Combined data from two phase 2 trials indicate that avelumab monotherapy had limited antitumor activity in patients with grade 2/3 neuroendocrine neoplasms (NENs).
To assess the role of immunotherapy in NENs, the phase 2 NET-001 (NCT03278405) and NET-002 trials (NCT03278379) were initiated to investigate the efficacy and safety of the anti–programmed cell death ligand 1 inhibitor avelumab. NET-001 completed accrual of 10 patients; the NET-002 trial, with a planned enrollment of 36 patients, was terminated at its interim analysis because of lack of efficacy. The results of the combined patient cohort enrolled in both trials were reported at the 2020 North American Neuroendocrine Tumor Society Annual Symposium.
Eligibility criteria included patients with unresectable or metastatic World Health Organization grade 2/3 NENs from a gastroenteropancreatic (GEP) or lung primary, ≤2 prior lines of therapy excluding somatostatin analogs, and Eastern Cooperative Oncology Group (ECOG) performance status (PS) ≤2. NET-001 investigated grade 3 poorly differentiated GEP neuroendocrine carcinomas, and NET-002 investigated grade 2/3 well-differentiated GEP neuroendocrine tumors. In both trials, eligible patients received avelumab 10 mg/kg intravenously every 2 weeks for 26 cycles. The primary end point was overall response rate by Response Evaluation Criteria in Solid Tumors version 1.1; secondary end points included progression-free survival (PFS), overall survival (OS), disease control rate (DCR) at 6 months, and toxicity.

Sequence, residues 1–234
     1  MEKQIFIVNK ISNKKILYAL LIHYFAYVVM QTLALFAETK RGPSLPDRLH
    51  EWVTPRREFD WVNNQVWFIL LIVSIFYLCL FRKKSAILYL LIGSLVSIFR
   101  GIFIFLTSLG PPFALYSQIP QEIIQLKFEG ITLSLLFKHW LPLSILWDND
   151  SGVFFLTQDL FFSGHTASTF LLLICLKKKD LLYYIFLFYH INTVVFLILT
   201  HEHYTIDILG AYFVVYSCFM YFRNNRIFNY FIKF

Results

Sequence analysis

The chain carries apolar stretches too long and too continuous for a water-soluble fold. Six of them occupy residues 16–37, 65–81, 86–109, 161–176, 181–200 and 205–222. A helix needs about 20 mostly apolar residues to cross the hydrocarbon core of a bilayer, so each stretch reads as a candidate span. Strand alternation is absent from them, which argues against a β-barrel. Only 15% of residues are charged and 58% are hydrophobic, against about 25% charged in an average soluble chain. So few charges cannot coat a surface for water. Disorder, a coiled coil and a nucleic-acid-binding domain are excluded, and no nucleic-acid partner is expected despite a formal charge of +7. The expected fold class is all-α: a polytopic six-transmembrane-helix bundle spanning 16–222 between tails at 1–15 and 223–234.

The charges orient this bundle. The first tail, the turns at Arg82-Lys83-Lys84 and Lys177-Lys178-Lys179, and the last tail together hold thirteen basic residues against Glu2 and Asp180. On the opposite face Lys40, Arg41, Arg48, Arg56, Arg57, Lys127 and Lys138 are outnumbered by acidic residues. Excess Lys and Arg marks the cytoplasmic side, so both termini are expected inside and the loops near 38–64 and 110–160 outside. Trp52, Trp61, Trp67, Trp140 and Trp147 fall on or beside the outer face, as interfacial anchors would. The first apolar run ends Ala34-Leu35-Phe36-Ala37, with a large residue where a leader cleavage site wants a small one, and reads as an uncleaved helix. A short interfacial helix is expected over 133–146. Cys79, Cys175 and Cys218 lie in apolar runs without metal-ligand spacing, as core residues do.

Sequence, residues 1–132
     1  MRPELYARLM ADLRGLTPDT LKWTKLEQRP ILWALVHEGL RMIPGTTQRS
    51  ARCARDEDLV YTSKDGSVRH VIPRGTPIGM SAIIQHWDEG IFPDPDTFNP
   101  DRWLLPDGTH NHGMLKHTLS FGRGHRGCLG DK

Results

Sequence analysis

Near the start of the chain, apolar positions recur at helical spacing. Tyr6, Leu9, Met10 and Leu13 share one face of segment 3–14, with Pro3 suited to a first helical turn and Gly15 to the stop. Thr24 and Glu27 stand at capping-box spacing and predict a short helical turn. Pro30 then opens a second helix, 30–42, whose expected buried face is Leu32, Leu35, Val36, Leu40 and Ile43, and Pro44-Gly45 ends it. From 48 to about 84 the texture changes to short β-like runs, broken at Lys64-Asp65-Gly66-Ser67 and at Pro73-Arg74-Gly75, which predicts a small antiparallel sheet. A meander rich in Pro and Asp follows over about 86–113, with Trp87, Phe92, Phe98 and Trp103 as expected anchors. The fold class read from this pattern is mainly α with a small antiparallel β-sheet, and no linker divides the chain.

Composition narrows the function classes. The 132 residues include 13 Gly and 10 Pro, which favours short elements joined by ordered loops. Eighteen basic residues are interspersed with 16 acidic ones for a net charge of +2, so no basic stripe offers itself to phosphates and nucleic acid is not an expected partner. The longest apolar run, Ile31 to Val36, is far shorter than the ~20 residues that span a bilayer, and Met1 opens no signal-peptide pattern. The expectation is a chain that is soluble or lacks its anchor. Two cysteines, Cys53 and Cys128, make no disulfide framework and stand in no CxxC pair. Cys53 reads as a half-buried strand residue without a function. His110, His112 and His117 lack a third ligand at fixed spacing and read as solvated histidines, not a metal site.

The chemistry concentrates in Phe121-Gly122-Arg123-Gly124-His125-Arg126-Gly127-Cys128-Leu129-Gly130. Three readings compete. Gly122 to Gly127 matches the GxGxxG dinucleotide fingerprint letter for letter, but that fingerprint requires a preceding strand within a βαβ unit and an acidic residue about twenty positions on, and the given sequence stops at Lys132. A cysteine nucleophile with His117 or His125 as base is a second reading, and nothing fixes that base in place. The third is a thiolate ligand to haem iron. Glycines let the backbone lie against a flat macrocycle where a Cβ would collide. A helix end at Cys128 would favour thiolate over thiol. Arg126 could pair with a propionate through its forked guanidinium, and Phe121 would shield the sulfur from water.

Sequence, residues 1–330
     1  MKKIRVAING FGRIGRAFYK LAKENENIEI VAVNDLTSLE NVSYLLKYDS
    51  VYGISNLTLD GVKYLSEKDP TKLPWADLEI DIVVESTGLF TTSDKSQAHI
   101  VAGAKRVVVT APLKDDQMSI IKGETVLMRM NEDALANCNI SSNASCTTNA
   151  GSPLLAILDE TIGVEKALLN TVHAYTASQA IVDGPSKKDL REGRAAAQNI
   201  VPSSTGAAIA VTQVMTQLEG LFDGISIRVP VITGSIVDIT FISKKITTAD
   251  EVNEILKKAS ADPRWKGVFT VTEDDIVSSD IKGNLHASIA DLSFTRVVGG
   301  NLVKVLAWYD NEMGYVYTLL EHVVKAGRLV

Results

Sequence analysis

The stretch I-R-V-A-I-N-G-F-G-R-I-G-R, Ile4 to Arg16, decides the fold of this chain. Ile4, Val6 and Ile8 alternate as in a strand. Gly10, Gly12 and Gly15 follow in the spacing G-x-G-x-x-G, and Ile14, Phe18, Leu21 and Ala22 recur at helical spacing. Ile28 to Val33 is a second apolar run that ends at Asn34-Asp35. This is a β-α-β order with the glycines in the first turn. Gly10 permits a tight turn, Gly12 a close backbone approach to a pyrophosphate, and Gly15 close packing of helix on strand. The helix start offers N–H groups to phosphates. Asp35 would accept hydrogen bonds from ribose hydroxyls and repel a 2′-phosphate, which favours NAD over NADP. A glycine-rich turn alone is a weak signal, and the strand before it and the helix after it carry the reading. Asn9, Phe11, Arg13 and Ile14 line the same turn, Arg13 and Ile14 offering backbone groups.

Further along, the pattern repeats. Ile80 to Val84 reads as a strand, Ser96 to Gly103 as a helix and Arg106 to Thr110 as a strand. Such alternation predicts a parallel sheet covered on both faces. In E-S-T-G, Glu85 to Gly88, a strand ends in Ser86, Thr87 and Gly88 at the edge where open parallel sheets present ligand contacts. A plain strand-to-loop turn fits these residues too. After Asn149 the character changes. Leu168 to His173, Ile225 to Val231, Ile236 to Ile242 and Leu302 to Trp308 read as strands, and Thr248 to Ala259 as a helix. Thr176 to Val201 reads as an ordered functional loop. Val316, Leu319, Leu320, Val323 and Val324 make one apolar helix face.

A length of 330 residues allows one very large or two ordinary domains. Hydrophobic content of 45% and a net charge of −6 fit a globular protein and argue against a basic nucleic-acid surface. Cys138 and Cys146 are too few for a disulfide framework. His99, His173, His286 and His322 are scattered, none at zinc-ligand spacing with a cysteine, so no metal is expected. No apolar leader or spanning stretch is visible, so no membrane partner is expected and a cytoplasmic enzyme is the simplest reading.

In the combined cohort, a total of 27 patients were included, of which 10 patients were enrolled in the NET-001 trial and 17 patients in the NET-002 trial. Of the 27 tumors, 21 were GEP and 6 had lung origin. The median age of the combined cohort was 64 years (range, 37-80 years), 30% of patients had ECOG PS 1 to 2, and 78% of patients had received ≤1 prior lines of therapy. The median Ki67 index was 35% (range, 10%-100%). The median time on treatment was 85 days (7 cycles).
In the 24 patients evaluable for efficacy, no objective responses were achieved; stable disease was achieved in 33% of patients, and 6-month DCR was 21%. The median PFS was 3.3 months (range, 1.2-24.6 months), and median OS was 14.2 months.
In the 25 patients who received ≥1 doses of avelumab and were evaluable for safety, treatment-related adverse events (TRAEs; all grades) occurred in 58% of patients. Three patients had grade 3/4 TRAEs leading to treatment discontinuation, 2 patients with hepatitis and 1 patient with infusion-related reaction.
Based on these results, immunotherapy with single-agent avelumab was associated with limited antitumor activity in patients with grade 2/3 NENs; further studies are needed to evaluate the role of dual immunotherapy or combination with chemotherapy in this patient population.
Source: Chan D, et al. North American Neuroendocrine Tumor Society 2020 Annual Symposium; October 1-3, 2020. Abstract C18.